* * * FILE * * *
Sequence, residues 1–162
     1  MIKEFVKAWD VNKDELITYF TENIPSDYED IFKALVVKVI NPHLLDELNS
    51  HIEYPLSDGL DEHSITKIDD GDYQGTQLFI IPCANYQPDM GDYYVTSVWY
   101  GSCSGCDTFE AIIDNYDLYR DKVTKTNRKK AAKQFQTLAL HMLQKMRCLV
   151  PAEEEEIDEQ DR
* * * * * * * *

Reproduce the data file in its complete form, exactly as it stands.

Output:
Sequence, residues 1–162
     1  MIKEFVKAWD VNKDELITYF TENIPSDYED IFKALVVKVI NPHLLDELNS
    51  HIEYPLSDGL DEHSITKIDD GDYQGTQLFI IPCANYQPDM GDYYVTSVWY
   101  GSCSGCDTFE AIIDNYDLYR DKVTKTNRKK AAKQFQTLAL HMLQKMRCLV
   151  PAEEEEIDEQ DR